Did you know?

According to the CDC, the lifetime cost of caring for a child with cerebral palsy is $1 million.

Depending on your child’s birth injury, they may need:

  • Assistive devices
  • Mobility aids
  • Physical therapy
  • Prescription medication
  • Special education
  • Speech therapy
  • Surgery

Fortunately, your family might qualify for birth injury financial support to help your family pay for these expenses.

For example, the federal Title IV-E adoption assistance program offers monthly maintenance payments, medical aid, and other care services for eligible children with special needs.

Certain grants can help families pay for medical treatment, adaptive gear, and living expenses. Government assistance is also available for families who need to modify their homes to make them accessible for children with disabilities.

Low-income families may qualify for health insurance through Medicaid. Medicare is a federal health insurance program for older adults and younger people with disabilities.

If your adopted child suffered a preventable birth injury, you might be entitled to financial compensation through a birth injury lawsuit. However, you must act quickly since state laws limit the time you have to file a claim.

Learn if you qualify for legal assistance through a free case review.

Dealing With Discrimination

As mentioned above, it is not unusual for LGBTQ adoptive parents to feel fear and anxiety when dealing with health care, government, or child welfare agencies because of current or past discrimination.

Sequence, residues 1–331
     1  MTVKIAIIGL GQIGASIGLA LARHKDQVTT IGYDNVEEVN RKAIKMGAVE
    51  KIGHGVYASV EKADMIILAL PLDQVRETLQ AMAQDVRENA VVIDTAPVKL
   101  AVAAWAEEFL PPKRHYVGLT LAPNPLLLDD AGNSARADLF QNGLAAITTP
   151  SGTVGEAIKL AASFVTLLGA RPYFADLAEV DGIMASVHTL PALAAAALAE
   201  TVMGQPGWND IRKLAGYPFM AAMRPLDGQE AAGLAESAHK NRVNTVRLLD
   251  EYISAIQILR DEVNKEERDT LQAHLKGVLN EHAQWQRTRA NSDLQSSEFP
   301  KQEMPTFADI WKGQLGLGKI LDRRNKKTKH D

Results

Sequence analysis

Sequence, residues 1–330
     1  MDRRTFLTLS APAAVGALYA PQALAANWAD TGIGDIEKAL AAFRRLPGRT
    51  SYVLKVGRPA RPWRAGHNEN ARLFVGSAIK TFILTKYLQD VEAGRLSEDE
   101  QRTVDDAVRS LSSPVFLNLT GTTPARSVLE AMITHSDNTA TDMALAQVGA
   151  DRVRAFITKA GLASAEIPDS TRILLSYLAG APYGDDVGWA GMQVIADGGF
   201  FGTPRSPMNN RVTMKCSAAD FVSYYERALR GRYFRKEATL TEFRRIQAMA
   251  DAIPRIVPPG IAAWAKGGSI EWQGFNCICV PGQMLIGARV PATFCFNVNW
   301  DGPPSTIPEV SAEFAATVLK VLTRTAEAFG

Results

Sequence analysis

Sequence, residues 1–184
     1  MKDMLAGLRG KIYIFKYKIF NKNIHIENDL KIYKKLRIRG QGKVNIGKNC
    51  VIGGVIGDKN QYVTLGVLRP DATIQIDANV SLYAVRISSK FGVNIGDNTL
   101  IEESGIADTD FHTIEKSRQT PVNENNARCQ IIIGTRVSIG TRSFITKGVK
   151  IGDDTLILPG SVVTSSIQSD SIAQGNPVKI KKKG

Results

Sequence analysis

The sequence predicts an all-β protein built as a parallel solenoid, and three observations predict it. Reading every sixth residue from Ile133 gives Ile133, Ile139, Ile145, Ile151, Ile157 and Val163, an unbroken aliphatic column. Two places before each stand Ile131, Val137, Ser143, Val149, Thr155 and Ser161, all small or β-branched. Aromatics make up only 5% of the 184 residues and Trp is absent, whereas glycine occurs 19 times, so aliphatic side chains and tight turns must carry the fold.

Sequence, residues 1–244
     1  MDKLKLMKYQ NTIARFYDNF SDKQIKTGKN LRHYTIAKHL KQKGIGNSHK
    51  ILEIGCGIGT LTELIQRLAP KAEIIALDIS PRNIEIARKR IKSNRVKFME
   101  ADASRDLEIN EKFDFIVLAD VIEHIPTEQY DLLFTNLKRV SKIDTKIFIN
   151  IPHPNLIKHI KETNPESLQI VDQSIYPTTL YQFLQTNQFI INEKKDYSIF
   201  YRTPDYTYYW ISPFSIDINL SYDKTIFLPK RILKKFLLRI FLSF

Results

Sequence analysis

Sadly, LGBTQ individuals still face interpersonal and institutional discrimination. This is especially true when an LGBTQ person belongs to another marginalized group because of their race, gender, disability, or some other trait.

Did you know?

According to one report, more than 1 in 3 LGBTQ Americans faced some type of discrimination in 2020, including more than 3 in 5 transgender people.

LGBTQ adoptive parents may feel stressed having to come out multiple times to different agency workers. Again, this can be incredibly taxing if the worker or agency is not LGBTQ-friendly.

A small statue of Lady Liberty sits on a desk If you feel that an agency worker is asking inappropriate questions or mistreating you because of your sexual orientation or gender identity, you should tell the worker and their supervisor about your concerns. If you continue to have problems, you should continue to go up the chain of command.